Commonwealth countries are well-known global hotspots for child marriage. Seven members – Bangladesh, India, Mozambique, Malawi, Nigeria, South Sudan and Uganda – belong to the global list of 20 countries with the highest rates of child marriage.
Together, these countries account for a majority of the child bride population worldwide. According to estimates provided by the United Nations Human Rights Council, over 140 million girls will be married before their eighteenth birthday over the next decade and almost 50% of these are in India and Bangladesh.
Therefore, ending child marriage within South Asian countries in the Commonwealth is critical to achieving Sustainable Development Goal (SDG) Target 5.3 (to eliminate child marriage under 18 by 2030) at the global level.
Most governments in Commonwealth countries agree on the serious nature of the problem and have national laws prohibiting or penalizing child marriage. But laws are not enough.
We have much to learn from other efforts at preventing child marriage that go beyond the enactment and enforcement of laws. They range from rights-based solutions around empowerment to those that emphasize financial incentives as well as education-focused schemes.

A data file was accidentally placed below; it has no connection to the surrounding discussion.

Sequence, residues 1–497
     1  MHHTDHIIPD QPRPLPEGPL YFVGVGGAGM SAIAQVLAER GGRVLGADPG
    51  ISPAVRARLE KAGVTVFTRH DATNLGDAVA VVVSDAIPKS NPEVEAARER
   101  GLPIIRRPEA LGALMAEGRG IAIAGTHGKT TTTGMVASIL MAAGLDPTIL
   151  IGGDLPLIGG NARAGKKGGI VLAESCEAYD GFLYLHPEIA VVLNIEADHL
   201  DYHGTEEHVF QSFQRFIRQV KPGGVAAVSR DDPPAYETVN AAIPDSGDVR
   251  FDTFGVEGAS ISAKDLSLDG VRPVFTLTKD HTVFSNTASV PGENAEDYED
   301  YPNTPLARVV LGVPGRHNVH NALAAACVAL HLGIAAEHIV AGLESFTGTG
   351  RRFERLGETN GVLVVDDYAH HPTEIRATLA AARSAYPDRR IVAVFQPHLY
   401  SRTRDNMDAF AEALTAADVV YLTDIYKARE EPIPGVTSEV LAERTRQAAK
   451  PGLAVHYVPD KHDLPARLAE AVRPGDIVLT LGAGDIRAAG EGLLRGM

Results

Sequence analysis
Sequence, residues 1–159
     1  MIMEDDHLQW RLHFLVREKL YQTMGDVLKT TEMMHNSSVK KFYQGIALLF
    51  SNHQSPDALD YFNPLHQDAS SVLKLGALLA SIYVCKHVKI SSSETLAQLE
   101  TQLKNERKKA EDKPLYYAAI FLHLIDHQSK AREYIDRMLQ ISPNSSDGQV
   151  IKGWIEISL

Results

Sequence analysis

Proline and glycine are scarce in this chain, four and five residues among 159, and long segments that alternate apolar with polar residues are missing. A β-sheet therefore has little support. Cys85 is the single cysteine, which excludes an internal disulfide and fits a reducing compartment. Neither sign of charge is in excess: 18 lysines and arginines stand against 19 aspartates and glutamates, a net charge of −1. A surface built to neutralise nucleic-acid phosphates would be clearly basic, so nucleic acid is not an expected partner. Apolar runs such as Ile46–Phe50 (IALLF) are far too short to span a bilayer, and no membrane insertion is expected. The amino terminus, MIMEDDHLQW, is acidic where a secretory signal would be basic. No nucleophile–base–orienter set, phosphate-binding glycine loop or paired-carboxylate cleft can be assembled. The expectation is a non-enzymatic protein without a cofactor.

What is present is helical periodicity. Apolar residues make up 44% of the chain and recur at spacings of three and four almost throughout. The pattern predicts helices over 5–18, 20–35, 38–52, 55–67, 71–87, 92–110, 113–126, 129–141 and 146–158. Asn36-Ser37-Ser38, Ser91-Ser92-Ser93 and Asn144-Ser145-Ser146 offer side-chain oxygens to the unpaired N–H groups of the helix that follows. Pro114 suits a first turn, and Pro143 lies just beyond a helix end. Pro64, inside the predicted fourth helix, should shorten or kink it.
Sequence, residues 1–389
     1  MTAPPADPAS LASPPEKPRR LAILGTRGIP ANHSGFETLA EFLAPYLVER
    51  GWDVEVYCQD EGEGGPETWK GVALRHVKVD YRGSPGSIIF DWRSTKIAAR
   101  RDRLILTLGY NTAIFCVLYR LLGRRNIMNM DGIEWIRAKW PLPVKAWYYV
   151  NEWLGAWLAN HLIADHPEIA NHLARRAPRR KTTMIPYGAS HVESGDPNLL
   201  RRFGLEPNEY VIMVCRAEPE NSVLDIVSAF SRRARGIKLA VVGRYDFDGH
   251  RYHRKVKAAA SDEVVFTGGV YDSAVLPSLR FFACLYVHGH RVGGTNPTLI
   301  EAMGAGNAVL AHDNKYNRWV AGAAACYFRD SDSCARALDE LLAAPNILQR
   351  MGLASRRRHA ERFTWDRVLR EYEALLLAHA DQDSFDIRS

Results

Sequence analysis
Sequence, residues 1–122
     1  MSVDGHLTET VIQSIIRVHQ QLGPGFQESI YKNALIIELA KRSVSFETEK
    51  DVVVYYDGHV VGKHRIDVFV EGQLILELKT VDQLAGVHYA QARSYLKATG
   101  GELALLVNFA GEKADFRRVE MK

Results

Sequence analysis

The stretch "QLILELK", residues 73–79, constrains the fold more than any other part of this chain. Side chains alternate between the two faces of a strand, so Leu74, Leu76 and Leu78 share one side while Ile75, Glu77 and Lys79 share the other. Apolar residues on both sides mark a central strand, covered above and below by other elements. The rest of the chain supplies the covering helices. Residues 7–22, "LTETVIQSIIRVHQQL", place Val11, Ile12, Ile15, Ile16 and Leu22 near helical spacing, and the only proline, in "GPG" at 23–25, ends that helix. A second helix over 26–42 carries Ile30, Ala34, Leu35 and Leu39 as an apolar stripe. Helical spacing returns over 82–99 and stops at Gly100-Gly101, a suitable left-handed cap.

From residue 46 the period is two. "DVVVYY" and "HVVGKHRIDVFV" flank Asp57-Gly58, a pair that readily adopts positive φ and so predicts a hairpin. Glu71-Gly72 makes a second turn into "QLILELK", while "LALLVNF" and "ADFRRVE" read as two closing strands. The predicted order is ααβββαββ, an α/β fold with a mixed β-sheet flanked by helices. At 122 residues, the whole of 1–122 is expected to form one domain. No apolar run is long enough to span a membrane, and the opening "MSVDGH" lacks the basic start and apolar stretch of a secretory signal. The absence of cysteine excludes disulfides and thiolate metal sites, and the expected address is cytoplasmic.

A recent Commonwealth Society report ‘Preventing Child Marriage in the Commonwealth: The Role of Education’ stresses the centrality of education in preventing child marriage. While the report acknowledges that the practice of child marriage is complex and not driven by a single factor, it maintains that ‘education is one of the most significant factors for delaying the age at which girls marry’ and ‘education has proved to have a strong correlation with lower rates of child marriage’.
Similarly, a World Bank report notes that girls with no education were six times more likely to enter into a child marriage compared with girls with high school education in 18 of the 20 countries with the highest prevalence of child marriages.
Sajeda Amin Population Council, New York, USA, M. Niaz Asadullah Faculty of Economics and Administration, University of Malaya, Kuala Lumpur, [email protected], Sara Hossain Bangladesh Legal Aid and Services Trust & Zaki Wahhaj University of Kent, Canterbury, UK